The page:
Informed buyers know to look for reviews and testimonials from people who have already purchased, before they buy something themselves. There are quite a few inherent problems with this strategy, even though it’s a lot better than just buying blindly. Let’s explore what they are.

Sneaky Sneaky

Testimonials are wonderful when they’re real. The trouble is, a very large percentage of them are bought by the seller. When this happens, it skews the perception of a product by making it appear to be much better than it really is, or to conceal actual, real, bad reviews by flooding that section with bought reviews that obfuscate the truth. Some sites require that bought reviews come with a disclaimer, but since disclaimers are legal jargon and read at a much more difficult level, watch for words like redacted, censored or tergiversate. Redacted means, “to select or adapt for publication; to obscure or remove text”, censored means the same thing basically. Tergiversate is a verb that means, “to be evasive or ambiguous.” While this last word isn’t used as much, it is still a huge word that most people don’t hear regularly, so likely will not know.

TIPWatch out for products that have ALL 5 star ratings. A real review will, inevitably have at LEAST one which is less than 5 stars, as well as one which is considered a negative review. Also watch for broken English as many of the bought reviews come from places where writers can be found on the cheap.

5 Minutes of Fame

Not all testimonials or reviews are bought, and this doesn’t mean that everyone out there is intent on fleecing you for all you’re worth. However, some are simply looking for their place on the Internet, and they’ll post a review to be funny, to gain attention, or just to be a troll. (An internet troll, for those unaware, is someone whose sole existence seems to be making others upset, mad, or frustrated for their own obscure enjoyment) For example, an innocent banana slicer sold on Amazon has nearly 6 THOUSAND reviews, most being people trying to top each other for the best and most funny comment. The same fate befell Haribo’s Sugarless Gummi Bears, also sold on Amazon, which became a siren’s call for pranksters who discovered the laxative effects the bears give when eaten in large quantities.

The trouble with both of these products, is that while some of the reviews are real – most say they’re verified, including the ones meant to be funny or a joke. Clearly all these people didn’t buy the items, but thanks to an imperfect system – it appears they did. It also makes it hard to filter out the fake or funny reviews from reality.

Spam and Eggs

Does ANYONE actually enjoy spam?

Another problem with areas meant for reviews is the spam that fills up the space with questionable characters placing shortened links, or other links on comments that send people to sites or pages where they get phished or worse, end up with a worm or virus in their computer – including the newest and worst of them: Ransomware. This virus basically holds your files, information, everything on your computer hostage until you pay the attacker using Bitcoin or some other form of payment that is nearly untraceable.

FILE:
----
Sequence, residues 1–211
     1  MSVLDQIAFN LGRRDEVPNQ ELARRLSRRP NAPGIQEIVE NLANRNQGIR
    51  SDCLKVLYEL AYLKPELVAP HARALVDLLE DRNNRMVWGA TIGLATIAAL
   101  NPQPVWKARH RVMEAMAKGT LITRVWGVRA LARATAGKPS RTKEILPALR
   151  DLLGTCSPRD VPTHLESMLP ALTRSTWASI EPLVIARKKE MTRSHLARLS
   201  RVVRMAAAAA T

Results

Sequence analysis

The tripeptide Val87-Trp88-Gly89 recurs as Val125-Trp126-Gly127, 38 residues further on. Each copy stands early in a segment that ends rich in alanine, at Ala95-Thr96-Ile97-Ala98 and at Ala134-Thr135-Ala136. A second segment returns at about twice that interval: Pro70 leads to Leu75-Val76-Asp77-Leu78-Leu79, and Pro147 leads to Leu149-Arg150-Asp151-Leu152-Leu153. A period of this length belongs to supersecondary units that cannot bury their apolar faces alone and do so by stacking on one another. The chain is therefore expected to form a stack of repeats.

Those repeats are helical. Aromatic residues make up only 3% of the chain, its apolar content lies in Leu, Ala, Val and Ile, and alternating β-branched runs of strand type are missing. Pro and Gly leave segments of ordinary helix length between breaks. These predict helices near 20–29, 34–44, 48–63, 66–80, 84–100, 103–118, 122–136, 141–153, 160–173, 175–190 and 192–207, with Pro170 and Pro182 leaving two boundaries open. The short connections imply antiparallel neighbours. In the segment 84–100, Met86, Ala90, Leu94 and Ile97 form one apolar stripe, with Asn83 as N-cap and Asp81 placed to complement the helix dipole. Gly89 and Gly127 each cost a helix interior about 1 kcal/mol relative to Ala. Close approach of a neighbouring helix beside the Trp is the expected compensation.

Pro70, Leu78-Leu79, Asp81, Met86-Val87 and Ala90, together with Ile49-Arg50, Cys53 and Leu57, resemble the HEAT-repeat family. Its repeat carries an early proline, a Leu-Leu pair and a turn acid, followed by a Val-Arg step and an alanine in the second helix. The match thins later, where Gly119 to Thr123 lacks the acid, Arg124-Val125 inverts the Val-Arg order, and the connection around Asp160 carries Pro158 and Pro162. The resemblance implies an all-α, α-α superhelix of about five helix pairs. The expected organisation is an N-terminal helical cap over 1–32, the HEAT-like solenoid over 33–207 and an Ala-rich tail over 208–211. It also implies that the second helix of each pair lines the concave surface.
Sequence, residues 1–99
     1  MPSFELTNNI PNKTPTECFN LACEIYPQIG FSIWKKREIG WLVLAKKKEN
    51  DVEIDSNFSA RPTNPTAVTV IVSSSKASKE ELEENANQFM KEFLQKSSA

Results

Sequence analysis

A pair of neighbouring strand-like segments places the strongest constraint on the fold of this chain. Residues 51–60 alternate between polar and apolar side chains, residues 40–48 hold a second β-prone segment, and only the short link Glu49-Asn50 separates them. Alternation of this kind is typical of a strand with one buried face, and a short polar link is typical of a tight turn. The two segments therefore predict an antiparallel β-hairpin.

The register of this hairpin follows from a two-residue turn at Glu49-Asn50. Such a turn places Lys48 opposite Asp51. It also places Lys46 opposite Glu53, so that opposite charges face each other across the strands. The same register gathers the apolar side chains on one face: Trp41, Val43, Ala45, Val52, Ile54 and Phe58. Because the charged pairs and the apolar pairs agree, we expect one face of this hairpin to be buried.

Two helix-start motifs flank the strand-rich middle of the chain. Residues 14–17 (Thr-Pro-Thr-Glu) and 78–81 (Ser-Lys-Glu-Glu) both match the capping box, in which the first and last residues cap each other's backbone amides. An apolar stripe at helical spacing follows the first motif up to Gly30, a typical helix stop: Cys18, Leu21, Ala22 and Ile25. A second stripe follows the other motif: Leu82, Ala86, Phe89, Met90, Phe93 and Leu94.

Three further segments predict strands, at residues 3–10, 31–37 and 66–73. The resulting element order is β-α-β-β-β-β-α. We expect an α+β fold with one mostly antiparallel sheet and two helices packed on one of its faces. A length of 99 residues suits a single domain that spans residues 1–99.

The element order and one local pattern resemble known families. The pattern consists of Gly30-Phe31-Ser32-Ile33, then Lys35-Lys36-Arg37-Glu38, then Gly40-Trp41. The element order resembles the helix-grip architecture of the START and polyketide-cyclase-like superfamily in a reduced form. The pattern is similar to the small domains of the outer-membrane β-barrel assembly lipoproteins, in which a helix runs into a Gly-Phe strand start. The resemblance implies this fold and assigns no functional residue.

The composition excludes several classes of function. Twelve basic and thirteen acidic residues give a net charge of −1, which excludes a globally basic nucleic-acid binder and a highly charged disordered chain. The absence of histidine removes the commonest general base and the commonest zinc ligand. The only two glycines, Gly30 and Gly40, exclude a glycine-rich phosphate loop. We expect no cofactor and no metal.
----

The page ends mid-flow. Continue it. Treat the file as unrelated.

When comments/reviews include spam like this, most innocent people looking to purchase something will see it and be turned away. Nobody wants to be associated with a shady element, and they haven’t committed to buying yet, so they leave the page before purchasing because now the content is questionable. It doesn’t matter that you didn’t publish those comments yourself, it only matters that they’re there. Don’t forget that people can buy your product or something similar in ten thousand other places these days, and that people tend to be very fickle.

TIPRemove spam links on a daily basis, if not multiple times a day, it’s not good for you or for your customers and those people posting that kind of thing need to be removed/banned/IP blocked so they cannot do it to you again.

Stats Matter

If you consider that 70% of people actually actively look for those bad reviews, and look to see just how bad the product might be, just so they know it’s real, then you know how important it is to have a review system in place people can trust. We’ve spent a great deal of time in our posts about trust, because it’s a fragile thing which takes a lot of time to grow. Trust is critical to success, and when it’s lost it’s hard won back if at all. 63% of people are more likely to purchase when there is a section dedicated to reviews and testimonials. The marketplace has changed drastically from the past when people had to actually go to the store to purchase something. With digital storefronts and the ability to shop online becoming easier than ever, people are having to find new ways to make up for a lack of sensory input about a product. The only tool at their disposal is to ask their friends and family, or to read reviews. This one area is so important, yet it continues to be one area that sites fail because of the inherent problems with reviews and testimonials.

The Future

The future in testimonials and reviews may just be in a product we’re excited about and will be telling people about very soon. Be sure you subscribe to ensure you are the first to hear about it!